I agree that more local control is necessary and I find it ironic that the panels of “experts” and “consultants” that are trying to influence policy very rarely include any experienced teachers. Theory that is not informed by, or supported by, practical experience is not worth very much.

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    • kilroysdelaware

      Brian, allowing industry aka the business community a bigger seat at the reform table was the biggest mistake. We’re basing failure of public schools on an obvious flawed federal law call NCLB which only represents 9% of total education expenditure. After you pull out administration fees and compliance such as testing what’s really left? The there is all the lost in productivity re: actually teaching due to all this documentation and rewiring teachers to adapt to new standards. Basically the fed take the stick holding the carrot and beat the schools over the head.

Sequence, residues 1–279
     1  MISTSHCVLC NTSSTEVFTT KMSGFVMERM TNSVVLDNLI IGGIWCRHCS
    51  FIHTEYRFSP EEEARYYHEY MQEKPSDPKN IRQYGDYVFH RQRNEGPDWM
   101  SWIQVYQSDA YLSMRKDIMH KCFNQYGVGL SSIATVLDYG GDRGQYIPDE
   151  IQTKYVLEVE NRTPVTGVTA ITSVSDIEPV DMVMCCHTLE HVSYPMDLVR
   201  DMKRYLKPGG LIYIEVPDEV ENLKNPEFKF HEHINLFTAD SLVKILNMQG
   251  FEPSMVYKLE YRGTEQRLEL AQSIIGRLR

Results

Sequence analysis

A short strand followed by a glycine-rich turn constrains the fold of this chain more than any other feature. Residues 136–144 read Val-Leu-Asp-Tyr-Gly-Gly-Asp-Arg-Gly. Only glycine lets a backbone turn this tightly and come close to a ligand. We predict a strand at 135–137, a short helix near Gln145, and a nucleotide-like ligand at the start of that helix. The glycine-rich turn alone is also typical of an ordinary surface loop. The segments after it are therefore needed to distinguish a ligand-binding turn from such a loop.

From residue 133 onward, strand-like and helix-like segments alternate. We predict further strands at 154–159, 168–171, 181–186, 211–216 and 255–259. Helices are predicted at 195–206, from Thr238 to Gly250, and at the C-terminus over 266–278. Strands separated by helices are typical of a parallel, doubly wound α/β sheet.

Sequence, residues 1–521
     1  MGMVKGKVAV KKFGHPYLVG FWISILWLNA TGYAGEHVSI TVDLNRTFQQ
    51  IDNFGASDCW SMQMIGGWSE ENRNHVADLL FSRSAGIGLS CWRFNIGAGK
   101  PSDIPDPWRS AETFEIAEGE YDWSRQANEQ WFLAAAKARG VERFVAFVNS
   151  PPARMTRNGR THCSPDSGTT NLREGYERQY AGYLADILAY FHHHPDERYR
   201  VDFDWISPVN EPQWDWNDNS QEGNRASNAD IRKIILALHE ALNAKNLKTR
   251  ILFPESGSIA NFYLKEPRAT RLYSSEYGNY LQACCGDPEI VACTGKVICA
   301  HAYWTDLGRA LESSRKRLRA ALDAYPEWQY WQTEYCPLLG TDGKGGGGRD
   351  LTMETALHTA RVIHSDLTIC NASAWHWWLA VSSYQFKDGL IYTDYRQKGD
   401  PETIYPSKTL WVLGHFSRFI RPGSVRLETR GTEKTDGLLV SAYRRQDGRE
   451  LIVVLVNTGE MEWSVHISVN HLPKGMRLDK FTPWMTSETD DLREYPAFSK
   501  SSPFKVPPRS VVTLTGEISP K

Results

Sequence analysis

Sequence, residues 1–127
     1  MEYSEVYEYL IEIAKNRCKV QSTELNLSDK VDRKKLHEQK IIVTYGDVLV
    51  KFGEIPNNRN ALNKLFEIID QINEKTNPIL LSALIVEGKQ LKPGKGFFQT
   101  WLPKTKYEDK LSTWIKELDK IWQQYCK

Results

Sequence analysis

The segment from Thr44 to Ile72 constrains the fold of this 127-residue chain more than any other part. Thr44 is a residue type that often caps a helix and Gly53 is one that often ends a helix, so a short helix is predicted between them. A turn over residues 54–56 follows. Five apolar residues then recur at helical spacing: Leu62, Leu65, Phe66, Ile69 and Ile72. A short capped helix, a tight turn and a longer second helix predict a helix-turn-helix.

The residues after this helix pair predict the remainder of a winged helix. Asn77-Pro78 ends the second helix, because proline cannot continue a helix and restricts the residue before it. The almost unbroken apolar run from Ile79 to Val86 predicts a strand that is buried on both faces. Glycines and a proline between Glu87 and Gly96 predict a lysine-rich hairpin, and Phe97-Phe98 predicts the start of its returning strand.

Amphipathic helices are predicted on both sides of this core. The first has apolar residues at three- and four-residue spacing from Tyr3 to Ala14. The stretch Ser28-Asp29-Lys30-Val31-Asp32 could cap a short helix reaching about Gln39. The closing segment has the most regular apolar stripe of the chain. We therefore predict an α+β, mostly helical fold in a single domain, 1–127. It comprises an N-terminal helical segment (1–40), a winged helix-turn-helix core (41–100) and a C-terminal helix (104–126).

The are big red flags flying high and out state legislators refuse to look at them. We have an generation of students who are exposed to DSTP, DCAS and now The Smarter Balanced Assessment. Sorry to say the so-called failures of transitional public schools were planned and calculated to justify charter schools and radical reforms to chip away at labor.

      There are many things teachers deal with in charter and traditional public schools that aren’t factored in. Lack of engagement of parents does impact outcomes! Absenteeism impacts outcomes! Poverty impacts outcomes! The growth model was a step in the right direction and though many students are socially promoted while not meeting grade-level some do show growth.